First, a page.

A boy is sorting out the coins in
his piggy bank. He put the coins into stacks according to their
value. 1/3 of the coins went into the first stack. They were five
pence coins. 3/4 of the remaining coins were ten pence pieces. The
rest were one penny coins. What fraction of the coins were
If he had six pence in one penny
coins, can you work out how much money he had saved in his piggy
What was your reaction as you read this problem?
How you reacted informs you about your preferred learning style,
or dominant intelligence. But do you have to be strong in
mathematical-logic intelligence to be able to have a strategy to
tackle and solve such problems? A question such as this is not an
'open' question, it does not have several possible solutions, but
it does have several possible ways of being solved and it allows
for pupils of different intelligences to engage with the
Let's see some of the possible opportunities for children who
operate from different intelligences to be involved in what seems
like a typical maths problem that would be solved by the
conventional, taught procedure.
Verbal-linguistic - as
these learners enjoy and are skilled at interpreting 'word'
problems and their imaginations are captured by the power of
stories this mathematical 'story' is within their domain. They can
contribute their interpretation and inference skills to a group
effort. They will probably be able to say pretty quickly that there
are three piles of coins.
Spatial-visual - this
learner style responds to visualizing or using colourful diagrams
to illustrate mathematical problems and performs especially well
when using space is part of the investigation. Using paper, or
another concrete device, will help them see a way around this
problem. Here is one way of allowing children to visually and
physically interact with the problem:
This diagram (paper) represents the coins divided into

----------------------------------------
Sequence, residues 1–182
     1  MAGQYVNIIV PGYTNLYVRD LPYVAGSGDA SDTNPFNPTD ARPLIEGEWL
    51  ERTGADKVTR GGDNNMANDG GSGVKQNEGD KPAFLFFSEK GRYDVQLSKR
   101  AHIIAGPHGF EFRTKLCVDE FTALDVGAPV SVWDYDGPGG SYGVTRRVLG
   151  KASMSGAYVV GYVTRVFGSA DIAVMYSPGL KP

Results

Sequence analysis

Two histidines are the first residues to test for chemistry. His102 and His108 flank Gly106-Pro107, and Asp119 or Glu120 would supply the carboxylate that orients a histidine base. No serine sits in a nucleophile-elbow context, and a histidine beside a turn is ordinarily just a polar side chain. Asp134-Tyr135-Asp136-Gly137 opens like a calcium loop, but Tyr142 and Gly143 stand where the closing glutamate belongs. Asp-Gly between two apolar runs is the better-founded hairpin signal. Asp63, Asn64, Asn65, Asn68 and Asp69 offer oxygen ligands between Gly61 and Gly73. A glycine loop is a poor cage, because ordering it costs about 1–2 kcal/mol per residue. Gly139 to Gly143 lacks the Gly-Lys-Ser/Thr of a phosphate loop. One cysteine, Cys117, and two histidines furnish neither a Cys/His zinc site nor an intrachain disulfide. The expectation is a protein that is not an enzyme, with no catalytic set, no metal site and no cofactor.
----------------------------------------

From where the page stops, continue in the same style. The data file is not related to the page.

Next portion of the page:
In labelling the intelligences, Howard Gardiner offered a new
map of learning based on a theory that there is not just one way to
define and be intelligent but multiple ways. Just as there is a
call to expand our understanding of what it means to be
intelligent, so too is there a need to redefine our idea of how
mathematical-logical intelligence 'looks' in use. We need to
broaden our perception of how mathematical-logical intelligence is
used. We need to move beyond the picture of a mathematician proving
a theorem and include bushmen drawing complex conclusions based on
observing animal tracks; to incorpotate ideas of a detective, or
reader, solving a mystery by piecing together the clues; to
recognise the skills used by a lottery player figuring out his
share of the winnings; and to acknowledge the high level of logical
intelligence demonstrated by pupils playing strategy games.
Knowledge of multiple intelligences is not a call for the
radical rewriting of the curriculum. It is a framework that can be
used to construct curriculum, to support the instructional choices
we make and to strengthen our understanding of the learners in our
Our job is to open mathematics to all, to tap the skills and
talents of other intelliegences so as to create mathematics "Aha!"
moments for every learner.